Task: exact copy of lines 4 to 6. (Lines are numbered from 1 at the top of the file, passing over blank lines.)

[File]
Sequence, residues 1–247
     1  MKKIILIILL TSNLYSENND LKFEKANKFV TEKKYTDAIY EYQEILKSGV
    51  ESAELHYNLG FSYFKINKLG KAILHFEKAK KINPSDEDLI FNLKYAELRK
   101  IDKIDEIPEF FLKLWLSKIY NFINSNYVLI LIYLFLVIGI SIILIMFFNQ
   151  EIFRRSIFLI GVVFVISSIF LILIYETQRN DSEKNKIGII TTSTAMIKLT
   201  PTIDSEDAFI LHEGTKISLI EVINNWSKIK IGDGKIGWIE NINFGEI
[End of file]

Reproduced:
   101  IDKIDEIPEF FLKLWLSKIY NFINSNYVLI LIYLFLVIGI SIILIMFFNQ
   151  EIFRRSIFLI GVVFVISSIF LILIYETQRN DSEKNKIGII TTSTAMIKLT
   201  PTIDSEDAFI LHEGTKISLI EVINNWSKIK IGDGKIGWIE NINFGEI